Couple think adopted son is Chinese for 17 years until finding birth certificate
A couple who painstaking raised their baby boy with sensitivity towards his culture when they adopted him, discovered they’d made an awkward mistake.
TikTok user @mrsmedeiros regularly shares shocking stories she finds on Reddit, with one of her most recent being one of a white couple who adopted a baby from an Asian racial background.
When they were first matched with the baby, they were smitten and promised the birth parents they’d raise him well.
“We assured them the child would be loved which was the truth because we instantly fell in love with our baby boy,” they said.
After eight months, they began to feel “twinges of guilt” that they hadn’t made more of an effort to connect their “perfect Chinese son” with his cultural roots.
So, they befriended people in the Chinese ex-pat community near where they lived, including a couple who became their son’s “aunt and uncle” figures.
They enrolled him in Mandarin classes, the country’s official language, and even took him on numerous family trips to China.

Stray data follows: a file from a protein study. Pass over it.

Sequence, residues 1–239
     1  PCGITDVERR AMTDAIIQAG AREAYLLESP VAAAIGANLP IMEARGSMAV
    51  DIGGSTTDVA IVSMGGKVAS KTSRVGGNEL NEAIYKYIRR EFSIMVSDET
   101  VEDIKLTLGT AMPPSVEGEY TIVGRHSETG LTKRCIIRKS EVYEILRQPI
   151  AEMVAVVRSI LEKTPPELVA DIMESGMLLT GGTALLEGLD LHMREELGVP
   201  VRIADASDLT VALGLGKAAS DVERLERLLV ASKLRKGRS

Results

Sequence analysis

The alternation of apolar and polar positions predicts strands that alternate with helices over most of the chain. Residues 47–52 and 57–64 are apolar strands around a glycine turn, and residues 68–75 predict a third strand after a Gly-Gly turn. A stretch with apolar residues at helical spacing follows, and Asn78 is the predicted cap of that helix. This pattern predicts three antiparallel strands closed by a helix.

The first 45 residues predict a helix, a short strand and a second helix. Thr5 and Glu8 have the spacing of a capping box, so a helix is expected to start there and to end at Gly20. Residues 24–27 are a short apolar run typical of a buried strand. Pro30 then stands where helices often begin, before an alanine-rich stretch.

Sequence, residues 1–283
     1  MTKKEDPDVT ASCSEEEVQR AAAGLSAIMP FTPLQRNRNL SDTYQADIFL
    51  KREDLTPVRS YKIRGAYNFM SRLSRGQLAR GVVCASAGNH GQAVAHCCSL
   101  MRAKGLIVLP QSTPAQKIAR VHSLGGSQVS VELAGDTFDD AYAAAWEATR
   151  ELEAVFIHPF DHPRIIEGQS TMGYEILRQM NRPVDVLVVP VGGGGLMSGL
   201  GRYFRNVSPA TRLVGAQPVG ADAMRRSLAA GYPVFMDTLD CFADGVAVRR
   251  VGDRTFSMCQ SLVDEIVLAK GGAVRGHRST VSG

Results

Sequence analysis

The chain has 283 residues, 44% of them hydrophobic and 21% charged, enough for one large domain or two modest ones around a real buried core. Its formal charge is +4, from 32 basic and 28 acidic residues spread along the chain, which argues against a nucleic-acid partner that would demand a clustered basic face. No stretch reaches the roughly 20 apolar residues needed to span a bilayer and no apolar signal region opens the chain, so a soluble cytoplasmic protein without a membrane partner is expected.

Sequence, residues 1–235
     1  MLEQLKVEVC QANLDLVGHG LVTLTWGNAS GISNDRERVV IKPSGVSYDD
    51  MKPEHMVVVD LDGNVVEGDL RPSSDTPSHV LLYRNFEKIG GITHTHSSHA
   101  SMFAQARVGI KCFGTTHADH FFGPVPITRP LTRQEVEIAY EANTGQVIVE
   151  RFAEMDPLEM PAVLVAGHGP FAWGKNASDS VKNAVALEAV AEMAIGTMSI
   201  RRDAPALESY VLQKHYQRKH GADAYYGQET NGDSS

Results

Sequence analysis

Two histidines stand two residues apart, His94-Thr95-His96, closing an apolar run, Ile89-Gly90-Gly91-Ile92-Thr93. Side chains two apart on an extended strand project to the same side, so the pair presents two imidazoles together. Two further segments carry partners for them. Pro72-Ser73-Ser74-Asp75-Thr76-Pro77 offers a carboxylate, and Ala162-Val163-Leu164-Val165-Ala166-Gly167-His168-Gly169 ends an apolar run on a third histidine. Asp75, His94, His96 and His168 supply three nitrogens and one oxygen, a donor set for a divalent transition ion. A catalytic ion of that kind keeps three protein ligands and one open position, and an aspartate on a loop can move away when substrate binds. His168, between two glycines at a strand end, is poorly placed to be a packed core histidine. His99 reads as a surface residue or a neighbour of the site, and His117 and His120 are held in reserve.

However, whilst helping him fill out his college application 17 years later they discovered they’d made a major mistake.
The man said: “Digging through my office for the needed paperwork, I came across his adoption papers and it was only then that I saw it.
“Something so obvious, so painfully, brick-to-the-face obvious, something that neither my wife nor I, in the stupidity of our youth, had registered…” – his birth parents’ surnames were “Park” and “Kim” – meaning he was Korean, not Chinese.
Since being shared, the video has been liked more than 2.9 million times on TikTok.
Despite their colossal error, the video was flooded with thousands of comments of people who praised their efforts.
One said: “Well hey, Mandarin is one of the world’s most spoken languages so they did good.”
Another said: “You guys had the intention though”, while a third added: “Right idea… wrong execution.”
Whereas a fourth exclaimed: “IM CRYINGGGGGGGGG.”
And: “I imagine party conversations like, ‘Yeah I’m Korean, speak Mandarin, and I have white parents”, commented another.